Spryker Hackathon – Chatbot Component for the Commerce System
We had a really relaxed start to the Spryker Excite conference. Good coffee, early conversations over breakfast – the usual. But then, at 8.30 am on the dot, the hackathon started. Ruben and I were joined by Victor and Alvin from Jungheinrich in Madrid and Rene from diva-e in Hamburg. The teams were drawn by lot.
Spryker Hackathon, the Task
The above-mentioned Spryker component is, of course, based on Spryker Cloud Commerce OS, the Spryker operating system for commerce applications. For the hackathon, we could choose from ideas that were generated in an online idea session beforehand, or we could contribute our own ideas. And since we had attended an AI workshop with our colleagues from Wroclaw only recently, the topic was fairly obvious.
After coordinating with the team and including the additional requirement to use the new composable storefront framework Oryx, we decided to implement a chatbot. The intention is for it to handle customer requests in the webshop in the future. The necessary information is gathered from existing CMS pages of the particular shop. The ‘large language model’, or LLM for short, which the AI is based on, initially only receives training data from the information in the content management system. The special feature: If the AI cannot provide a customer with a satisfying answer, the component will alert support or the back office to address the specific question. First level support is covered by the chatbot, second level support by a human.
Customers Save Time, the Company Saves Money
Why are these components particularly important in e-commerce? The customer experience in customer support improves while, at the same time, the workload gets lighter. This is also because the chatbot answers a lot of questions right off the bat, which shortens the response time. We also found that many webshops already have FAQ pages. However, these are usually hard to find for customers or distributed across different sections. A chatbot provides this information in an easy-to-consume format that is tailored to the specific customer.
Hackathon, Our Approach
After the networking breakfast at the Spryker office and a short brainstorming phase, we split the project into different segments to make headway faster:
First, we searched for public AI libraries to develop the AI part of the backend.
We then implemented a ‘Glue API interface’ to link the frontend and backend components.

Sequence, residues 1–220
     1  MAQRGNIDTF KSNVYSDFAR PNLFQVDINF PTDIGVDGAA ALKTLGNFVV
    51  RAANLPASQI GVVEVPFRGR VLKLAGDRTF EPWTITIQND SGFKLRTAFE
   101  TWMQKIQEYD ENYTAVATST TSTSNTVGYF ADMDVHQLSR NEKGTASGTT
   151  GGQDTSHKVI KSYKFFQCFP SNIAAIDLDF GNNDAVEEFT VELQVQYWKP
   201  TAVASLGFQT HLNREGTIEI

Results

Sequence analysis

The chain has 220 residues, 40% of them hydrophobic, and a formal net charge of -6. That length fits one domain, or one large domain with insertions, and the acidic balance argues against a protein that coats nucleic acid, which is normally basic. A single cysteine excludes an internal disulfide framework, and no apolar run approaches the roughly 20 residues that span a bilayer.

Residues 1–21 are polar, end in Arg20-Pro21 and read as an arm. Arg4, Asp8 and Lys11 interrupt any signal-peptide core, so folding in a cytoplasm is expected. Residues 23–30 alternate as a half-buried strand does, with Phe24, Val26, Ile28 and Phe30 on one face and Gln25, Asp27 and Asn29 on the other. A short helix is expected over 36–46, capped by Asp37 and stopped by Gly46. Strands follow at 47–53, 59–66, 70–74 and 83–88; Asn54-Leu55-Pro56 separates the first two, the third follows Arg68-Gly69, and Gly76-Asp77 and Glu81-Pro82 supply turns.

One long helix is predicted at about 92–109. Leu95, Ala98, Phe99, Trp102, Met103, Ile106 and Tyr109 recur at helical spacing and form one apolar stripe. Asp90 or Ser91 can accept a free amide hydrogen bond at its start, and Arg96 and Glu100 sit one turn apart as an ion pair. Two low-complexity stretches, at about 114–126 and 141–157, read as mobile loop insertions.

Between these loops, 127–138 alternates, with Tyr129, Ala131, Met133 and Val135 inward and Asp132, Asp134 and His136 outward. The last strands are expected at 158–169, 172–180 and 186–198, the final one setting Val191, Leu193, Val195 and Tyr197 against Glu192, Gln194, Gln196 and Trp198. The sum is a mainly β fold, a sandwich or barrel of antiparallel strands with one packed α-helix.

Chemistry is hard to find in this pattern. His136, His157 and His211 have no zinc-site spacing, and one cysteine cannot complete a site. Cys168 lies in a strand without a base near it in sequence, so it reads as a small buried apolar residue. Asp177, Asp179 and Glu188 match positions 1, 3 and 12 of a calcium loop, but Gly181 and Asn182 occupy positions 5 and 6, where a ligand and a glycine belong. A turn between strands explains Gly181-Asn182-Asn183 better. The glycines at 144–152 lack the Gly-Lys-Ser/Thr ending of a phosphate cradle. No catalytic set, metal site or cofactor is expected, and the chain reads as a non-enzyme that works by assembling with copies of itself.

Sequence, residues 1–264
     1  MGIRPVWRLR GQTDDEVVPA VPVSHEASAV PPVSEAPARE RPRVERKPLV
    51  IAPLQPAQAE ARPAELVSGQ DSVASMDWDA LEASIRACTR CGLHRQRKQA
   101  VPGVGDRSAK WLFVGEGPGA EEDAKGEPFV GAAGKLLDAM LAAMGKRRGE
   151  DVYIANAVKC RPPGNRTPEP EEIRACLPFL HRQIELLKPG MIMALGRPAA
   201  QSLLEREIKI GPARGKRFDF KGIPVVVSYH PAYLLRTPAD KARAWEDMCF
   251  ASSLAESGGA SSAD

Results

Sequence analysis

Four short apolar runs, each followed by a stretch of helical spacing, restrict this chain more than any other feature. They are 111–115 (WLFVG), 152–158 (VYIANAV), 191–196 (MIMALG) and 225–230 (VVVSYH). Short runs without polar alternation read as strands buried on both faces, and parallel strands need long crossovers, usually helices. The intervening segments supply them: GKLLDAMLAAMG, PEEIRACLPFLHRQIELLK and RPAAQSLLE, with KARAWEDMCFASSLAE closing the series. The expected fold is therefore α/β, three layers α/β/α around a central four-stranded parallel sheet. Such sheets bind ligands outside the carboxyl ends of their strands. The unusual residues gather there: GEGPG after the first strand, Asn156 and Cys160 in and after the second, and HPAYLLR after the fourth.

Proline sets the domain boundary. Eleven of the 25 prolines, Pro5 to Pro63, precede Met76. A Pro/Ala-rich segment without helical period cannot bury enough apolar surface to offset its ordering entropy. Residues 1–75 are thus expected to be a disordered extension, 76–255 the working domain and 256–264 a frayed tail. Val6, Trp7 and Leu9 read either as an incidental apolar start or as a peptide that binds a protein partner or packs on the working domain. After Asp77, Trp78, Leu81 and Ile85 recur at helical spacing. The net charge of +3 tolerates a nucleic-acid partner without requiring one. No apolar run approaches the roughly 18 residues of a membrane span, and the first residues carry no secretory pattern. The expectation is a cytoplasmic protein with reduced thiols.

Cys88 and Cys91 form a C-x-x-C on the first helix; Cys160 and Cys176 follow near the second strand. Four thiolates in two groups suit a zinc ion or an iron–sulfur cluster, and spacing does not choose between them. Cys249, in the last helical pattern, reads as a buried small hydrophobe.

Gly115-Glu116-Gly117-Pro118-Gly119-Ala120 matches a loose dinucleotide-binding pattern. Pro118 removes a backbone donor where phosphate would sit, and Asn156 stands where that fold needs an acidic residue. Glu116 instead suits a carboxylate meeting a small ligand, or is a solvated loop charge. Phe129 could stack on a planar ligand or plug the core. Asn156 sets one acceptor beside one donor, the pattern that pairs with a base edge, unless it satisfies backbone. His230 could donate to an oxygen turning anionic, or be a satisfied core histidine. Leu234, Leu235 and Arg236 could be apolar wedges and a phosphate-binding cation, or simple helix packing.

Next was the frontend chat component for the Oryx composable storefront framework.
Of course, we also had to develop a back office component which would enable admin and support users to view and answer customer questions when necessary.
The key to our approach: We split the tasks in the team and helped each other out when anyone needed support.
The hackathon and its result showcase another opportunity to develop components for your own business – tailored increasingly to the individual needs of customers.
High-speed Development for Spryker and Unic Customers?
So, what is the takeaway from this event for us as Unic employees? One big advantage of the Spryker composable commerce platform is the efficient modularity of the commerce system. Many components are available from the Spryker shop right from the start.
The hackathon and its result showcase another opportunity to develop components for your own business – tailored increasingly to the individual needs of customers. The new Oryx framework increases this flexibility in the frontend even more. Without this flexibility, it would have been difficult for us to implement our chatbot component in such a short time – and we are talking one working day here.
So Now What?
The code of the component has been published in the Spryker community repository on GitHub under an MIT licence. This means that the component draft developed by us is available to every developer as a basis for your own chatbot or similar components. To try the AI part, however, you need an OpenAI key.
The entire event was a lot of fun, but it was also quite a challenge. And if you keep in mind that we only met most of our team just before the hackathon, it was even more surprising how well we worked together as a team.
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Are you keen too discuss your digital tasks with us? We would be happy to exchange ideas with you: Jörg Nölke and Gerrit Taaks (from left to right).
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Are you keen to talk about your next project? We will be happy exchange ideas with you: Melanie Klühe, Stefanie Berger, Stephan Handschin and Philippe Surber (clockwise).